1. Hi Deb, I’ve not heard of that game. Ones the provoke thought are still rare. Most are just plain silly and I have no attention span for them. Love your remark about not seeing the box. I may have to borrow that line myself. BTW – I was afraid of taking Ms. Taylor’s classes. I didn’t have that kind of confidence until my trade school days after high school.

      Liked by 1 person

  2. you learn somethign new everyday; never heard of a maskil before, though there was a a famous tennis commentator called Dan Maskil whose favourite saying, if there was a terrific shot was, ‘Oh, I say!’…


  3. I loved this one Gary…it just shows that there can be so many perspectives and they can all be right or have a semblance of truth to them. I’m going to read this one more.

    Liked by 2 people

  4. What a great post, Gary. I’d never heard of a Maskil before so that’s very interesting. I love how you captured how a teacher can inspire us. I had an English teacher in high school, who told us to read out a text with a specific accent so one day he would speak to us as a pirate we’d all have to read aloud as a pirate, the next it would be an Irish accent and so on and so forth. It was such a genius tactic in so many ways; we all focussed on how fun it was, instead of being self-conscious about reading aloud, and it made some parts of the text so memorable you could quote it line for line (usually in an odd accompanying accent) and it truly made what could otherwise be quite boring lessons come alive. I think you captured that kind of teaching magic in this piece. KL ❤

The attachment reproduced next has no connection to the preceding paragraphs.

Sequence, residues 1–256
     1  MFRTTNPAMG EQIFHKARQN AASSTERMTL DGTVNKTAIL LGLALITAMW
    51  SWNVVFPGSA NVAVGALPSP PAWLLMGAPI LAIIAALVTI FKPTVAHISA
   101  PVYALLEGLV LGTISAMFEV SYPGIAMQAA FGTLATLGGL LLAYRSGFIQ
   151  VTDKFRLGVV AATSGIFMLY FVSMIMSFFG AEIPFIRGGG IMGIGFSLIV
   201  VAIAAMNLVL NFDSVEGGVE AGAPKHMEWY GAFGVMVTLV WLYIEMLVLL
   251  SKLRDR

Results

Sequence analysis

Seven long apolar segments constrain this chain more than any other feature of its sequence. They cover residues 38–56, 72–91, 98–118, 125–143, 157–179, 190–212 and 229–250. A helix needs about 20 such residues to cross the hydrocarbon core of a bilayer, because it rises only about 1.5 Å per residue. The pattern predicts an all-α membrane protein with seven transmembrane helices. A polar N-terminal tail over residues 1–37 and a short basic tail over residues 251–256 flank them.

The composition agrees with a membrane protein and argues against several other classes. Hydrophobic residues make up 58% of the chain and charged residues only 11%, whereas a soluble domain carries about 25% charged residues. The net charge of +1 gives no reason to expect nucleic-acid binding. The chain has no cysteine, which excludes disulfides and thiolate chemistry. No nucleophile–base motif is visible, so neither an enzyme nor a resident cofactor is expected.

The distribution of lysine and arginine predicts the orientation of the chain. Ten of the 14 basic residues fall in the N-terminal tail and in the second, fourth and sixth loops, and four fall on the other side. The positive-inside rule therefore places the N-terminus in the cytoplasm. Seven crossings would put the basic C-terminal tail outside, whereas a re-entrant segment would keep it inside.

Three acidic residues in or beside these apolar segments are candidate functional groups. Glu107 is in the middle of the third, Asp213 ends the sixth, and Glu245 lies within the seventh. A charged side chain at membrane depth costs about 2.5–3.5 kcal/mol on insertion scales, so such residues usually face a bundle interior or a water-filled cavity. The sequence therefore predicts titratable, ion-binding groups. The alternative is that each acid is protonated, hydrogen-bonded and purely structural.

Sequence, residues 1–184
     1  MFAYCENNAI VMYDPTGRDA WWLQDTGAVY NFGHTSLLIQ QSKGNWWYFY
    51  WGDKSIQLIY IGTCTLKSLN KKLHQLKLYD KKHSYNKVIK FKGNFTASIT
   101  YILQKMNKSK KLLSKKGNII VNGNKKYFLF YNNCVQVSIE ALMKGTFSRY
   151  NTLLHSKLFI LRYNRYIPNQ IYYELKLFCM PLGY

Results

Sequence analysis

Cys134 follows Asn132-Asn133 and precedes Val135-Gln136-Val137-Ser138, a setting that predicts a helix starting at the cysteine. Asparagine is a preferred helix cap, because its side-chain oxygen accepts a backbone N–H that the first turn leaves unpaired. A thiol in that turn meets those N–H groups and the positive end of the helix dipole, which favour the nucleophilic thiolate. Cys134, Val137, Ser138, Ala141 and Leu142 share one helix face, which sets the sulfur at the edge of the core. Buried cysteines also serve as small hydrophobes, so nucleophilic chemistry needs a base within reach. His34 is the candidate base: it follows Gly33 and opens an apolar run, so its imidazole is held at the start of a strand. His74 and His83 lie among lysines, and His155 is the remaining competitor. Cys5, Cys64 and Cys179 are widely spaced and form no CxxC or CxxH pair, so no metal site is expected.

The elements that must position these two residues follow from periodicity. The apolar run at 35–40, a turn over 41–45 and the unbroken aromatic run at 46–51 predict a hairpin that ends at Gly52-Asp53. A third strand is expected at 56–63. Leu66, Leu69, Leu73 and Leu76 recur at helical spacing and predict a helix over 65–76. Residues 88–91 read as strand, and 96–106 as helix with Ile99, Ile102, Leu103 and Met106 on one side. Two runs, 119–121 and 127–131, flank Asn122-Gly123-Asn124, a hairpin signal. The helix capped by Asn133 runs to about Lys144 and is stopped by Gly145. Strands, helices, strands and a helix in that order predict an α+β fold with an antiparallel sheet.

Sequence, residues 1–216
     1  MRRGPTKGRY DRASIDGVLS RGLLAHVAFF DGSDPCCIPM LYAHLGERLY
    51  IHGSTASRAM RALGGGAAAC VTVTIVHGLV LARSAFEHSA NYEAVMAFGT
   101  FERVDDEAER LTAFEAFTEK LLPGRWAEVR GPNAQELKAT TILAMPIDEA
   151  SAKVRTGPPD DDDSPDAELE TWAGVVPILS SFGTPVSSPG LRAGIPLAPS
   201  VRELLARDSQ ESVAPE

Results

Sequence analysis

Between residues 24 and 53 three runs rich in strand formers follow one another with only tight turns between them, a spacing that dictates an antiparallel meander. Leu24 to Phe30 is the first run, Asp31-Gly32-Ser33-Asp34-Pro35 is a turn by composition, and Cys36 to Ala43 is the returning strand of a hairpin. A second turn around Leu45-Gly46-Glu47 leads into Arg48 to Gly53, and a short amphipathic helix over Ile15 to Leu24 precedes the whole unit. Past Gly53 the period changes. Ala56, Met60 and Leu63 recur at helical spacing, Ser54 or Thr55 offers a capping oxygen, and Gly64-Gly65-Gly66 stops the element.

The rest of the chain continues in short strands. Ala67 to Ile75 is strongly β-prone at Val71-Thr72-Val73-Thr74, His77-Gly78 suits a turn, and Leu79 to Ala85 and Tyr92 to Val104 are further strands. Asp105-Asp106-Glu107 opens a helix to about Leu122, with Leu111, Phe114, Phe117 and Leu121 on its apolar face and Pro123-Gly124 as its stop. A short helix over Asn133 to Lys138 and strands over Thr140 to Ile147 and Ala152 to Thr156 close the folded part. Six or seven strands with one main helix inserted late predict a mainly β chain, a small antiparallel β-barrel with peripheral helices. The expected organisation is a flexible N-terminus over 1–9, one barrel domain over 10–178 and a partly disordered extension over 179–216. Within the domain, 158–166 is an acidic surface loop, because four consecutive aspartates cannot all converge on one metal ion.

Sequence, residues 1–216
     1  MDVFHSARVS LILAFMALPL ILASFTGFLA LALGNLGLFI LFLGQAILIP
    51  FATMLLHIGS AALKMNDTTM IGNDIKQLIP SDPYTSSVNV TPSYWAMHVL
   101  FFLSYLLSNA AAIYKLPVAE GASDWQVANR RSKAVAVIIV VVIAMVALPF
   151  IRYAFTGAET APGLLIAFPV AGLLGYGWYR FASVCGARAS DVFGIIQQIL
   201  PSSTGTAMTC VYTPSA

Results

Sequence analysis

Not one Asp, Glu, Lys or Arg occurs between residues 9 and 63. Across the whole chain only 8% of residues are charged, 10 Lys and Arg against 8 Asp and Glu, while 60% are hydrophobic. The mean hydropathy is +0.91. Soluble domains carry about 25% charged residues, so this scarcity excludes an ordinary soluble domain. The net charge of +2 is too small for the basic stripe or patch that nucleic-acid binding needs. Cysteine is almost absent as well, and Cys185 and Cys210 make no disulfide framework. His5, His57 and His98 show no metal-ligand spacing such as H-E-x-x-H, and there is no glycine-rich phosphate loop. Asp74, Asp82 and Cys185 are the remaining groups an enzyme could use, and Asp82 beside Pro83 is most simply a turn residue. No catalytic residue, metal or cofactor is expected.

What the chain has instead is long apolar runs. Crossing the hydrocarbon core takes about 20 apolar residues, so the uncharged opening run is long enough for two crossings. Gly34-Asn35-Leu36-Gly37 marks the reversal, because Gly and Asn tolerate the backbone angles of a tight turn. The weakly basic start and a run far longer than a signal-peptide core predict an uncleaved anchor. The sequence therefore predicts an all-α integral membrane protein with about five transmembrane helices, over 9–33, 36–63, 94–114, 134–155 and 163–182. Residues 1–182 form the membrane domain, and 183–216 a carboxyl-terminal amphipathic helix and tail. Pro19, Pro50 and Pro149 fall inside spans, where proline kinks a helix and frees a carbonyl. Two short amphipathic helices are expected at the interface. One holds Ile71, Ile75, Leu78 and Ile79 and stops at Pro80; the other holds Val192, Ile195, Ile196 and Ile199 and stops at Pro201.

Liked by 1 person

    1. Hi KL,
      The real live Bill Webster was one of my favorite teachers. He loved teaching and loved working with us. He made every class a joy – but I bet he was clueless about maskils. This is what happens when authors read – we discover gems like this and use them.
      Thanks for reading my stories.
      You made my day 📚